Leftovers. Leftovers can be key to saving the planet.

There was a lot of chicken during the pandemic. Skin and bone chicken thighs and chicken thighs free of both. There’s a rotisserie that was bought pre-cooked in the store and whole raw chicken roasted on onions, carrots, and potatoes. It’s almost every dinner. But dinner is not the solution to climate change. It’s lunch.

My children Max, who has just turned 11, and Zoe, who is 15, now have lunch with me every day in my kitchen. In the past, they would pack their own lunches, take them to school, and eat in the privacy of their own cafeterias. And before that, I packed your lunch with cheese sticks or yogurt tubes, berries, pretzels, granola bars, tiny Tupperware made from nuts, goldfish crackers and carrots.

But now I work at home while they teach at home, and in between Zoom meetings we all make our own lunches. Yesterday I ate chicken breast slices with avocado. Max made sliced ​​apples and hot cheddar cheese. Zoe did what she always does: mixed greens, red peppers, carrots, sweet potatoes, cucumbers, nutritional yeast, pumpkin seeds, kidney beans and chicken breast slices. She is trying to get nine colors on her salad. She remembers the game we played when she was 3 years old. It’s hard to hit nine vegetable colors, but she’s getting closer. Sometimes she adds corn.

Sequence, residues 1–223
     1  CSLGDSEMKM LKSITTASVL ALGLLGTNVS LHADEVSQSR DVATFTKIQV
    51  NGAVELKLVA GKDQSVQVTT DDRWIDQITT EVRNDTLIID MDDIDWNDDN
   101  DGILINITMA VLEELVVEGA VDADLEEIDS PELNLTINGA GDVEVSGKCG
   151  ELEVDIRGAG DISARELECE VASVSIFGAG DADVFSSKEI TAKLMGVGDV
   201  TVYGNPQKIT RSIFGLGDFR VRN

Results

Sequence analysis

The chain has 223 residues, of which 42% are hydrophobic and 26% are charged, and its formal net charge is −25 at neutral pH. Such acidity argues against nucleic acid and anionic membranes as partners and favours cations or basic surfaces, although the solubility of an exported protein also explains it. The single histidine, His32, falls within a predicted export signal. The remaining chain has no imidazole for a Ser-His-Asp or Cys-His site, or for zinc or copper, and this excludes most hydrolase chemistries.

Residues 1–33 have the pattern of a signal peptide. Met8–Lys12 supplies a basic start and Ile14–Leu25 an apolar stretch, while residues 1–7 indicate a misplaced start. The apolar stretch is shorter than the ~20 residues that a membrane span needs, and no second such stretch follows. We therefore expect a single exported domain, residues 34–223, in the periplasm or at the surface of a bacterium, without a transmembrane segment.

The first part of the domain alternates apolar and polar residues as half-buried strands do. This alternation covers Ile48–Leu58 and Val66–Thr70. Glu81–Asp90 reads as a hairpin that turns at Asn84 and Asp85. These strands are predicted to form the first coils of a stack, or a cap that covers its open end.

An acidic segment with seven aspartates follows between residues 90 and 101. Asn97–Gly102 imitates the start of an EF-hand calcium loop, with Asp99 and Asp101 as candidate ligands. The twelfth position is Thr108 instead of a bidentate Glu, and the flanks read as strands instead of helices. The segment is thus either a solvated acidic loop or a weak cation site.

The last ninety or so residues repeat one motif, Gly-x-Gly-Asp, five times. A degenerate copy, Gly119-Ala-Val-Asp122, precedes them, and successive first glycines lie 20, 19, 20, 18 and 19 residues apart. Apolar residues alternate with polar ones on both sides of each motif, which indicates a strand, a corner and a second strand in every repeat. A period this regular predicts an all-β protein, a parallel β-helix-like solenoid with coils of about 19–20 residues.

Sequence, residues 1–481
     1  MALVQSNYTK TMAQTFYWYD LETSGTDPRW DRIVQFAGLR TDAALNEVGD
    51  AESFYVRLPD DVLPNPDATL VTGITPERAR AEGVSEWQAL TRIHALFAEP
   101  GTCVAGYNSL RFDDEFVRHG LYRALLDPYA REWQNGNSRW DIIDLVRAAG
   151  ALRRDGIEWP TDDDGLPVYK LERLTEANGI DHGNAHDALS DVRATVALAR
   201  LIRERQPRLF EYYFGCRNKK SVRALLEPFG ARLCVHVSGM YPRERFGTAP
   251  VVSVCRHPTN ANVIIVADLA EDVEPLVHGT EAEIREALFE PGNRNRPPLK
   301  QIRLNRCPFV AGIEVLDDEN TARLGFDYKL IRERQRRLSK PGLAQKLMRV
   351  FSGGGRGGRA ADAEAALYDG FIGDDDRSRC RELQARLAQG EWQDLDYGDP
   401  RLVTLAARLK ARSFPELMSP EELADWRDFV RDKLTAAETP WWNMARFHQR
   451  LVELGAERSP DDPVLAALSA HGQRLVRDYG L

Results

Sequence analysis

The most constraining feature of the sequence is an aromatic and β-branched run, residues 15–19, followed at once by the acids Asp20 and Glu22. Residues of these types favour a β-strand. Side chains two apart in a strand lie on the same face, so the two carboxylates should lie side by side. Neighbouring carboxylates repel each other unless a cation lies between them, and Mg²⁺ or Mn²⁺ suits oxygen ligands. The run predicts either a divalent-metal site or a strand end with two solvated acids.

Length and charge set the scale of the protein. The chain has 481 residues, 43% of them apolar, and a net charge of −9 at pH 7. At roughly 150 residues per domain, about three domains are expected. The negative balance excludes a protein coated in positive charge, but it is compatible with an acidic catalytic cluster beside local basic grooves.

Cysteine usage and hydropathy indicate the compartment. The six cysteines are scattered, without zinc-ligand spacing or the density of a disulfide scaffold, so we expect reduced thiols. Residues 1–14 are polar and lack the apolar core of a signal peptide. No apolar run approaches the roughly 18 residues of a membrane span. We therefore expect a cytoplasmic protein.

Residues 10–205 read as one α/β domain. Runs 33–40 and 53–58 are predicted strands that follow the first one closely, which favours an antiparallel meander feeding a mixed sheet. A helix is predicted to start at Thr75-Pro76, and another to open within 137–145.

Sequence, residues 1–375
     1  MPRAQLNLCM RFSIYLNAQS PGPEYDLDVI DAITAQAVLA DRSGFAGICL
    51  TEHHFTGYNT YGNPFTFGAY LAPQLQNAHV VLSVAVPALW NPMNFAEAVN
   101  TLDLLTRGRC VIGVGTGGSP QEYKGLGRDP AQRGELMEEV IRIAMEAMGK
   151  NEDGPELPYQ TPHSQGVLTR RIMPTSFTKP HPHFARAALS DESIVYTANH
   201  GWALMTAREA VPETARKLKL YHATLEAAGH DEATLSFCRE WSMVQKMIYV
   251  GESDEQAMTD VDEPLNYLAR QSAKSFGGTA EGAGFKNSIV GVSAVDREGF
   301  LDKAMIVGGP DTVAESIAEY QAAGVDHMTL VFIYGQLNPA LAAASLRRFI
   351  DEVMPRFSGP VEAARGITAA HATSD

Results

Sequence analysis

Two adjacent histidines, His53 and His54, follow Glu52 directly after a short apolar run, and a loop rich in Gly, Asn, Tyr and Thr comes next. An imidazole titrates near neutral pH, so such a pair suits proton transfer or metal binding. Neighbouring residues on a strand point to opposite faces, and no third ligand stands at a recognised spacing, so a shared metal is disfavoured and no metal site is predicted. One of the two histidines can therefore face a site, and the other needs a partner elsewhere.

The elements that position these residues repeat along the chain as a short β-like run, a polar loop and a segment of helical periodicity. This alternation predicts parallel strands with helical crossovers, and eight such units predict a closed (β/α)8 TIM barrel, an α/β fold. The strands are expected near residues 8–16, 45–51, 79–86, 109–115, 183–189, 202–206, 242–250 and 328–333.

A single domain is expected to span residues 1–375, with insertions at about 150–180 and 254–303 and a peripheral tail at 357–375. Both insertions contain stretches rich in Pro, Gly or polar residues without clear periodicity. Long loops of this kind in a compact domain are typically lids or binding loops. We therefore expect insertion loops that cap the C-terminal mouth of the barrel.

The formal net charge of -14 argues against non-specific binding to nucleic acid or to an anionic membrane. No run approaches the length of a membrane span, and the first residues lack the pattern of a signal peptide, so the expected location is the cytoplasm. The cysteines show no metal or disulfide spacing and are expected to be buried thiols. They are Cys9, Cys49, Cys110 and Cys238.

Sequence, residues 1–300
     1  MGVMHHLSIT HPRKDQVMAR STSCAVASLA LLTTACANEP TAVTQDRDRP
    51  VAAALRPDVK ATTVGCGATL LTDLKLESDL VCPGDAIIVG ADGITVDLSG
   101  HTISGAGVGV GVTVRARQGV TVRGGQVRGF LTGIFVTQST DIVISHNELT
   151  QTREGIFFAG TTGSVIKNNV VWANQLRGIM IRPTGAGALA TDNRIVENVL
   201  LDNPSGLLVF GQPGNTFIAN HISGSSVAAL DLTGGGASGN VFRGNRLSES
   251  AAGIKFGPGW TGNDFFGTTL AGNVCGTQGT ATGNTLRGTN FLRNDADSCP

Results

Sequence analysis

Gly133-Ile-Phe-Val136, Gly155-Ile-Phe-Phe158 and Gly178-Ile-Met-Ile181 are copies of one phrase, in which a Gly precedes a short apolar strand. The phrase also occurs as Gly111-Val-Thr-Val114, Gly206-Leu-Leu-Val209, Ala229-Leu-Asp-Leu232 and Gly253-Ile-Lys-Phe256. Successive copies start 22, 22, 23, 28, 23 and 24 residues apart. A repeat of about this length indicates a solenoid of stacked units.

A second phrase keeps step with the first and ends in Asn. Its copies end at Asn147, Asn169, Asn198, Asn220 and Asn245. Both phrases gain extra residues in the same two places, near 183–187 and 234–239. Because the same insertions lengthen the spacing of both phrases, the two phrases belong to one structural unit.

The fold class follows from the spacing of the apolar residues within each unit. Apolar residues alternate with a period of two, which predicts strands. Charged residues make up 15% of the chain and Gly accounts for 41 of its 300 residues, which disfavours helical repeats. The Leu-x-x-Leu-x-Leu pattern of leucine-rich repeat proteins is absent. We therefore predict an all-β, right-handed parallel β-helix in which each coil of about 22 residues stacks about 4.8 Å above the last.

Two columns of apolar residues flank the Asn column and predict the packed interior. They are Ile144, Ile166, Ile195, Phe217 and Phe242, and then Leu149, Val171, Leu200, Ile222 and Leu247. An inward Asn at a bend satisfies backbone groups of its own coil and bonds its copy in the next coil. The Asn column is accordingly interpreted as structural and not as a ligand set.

It’s all very healthy of her. Compared to Max and me, it’s a walking multivitamin. But her pandemic achievement is that she doesn’t waste food. She remembers her half-cut red peppers from yesterday. She fries four sweet potatoes on Monday and eats half of them every day. For breakfast, it makes the claim of Generation Z on breakfast: avocado toast. She only uses half an avocado and saves the other half for the next day. Although Max is less invested in eating colors, he makes cheesy rice from last night’s dinner topped with leftover cheddar cheese and a leftover baked potato topped with a pile of salad.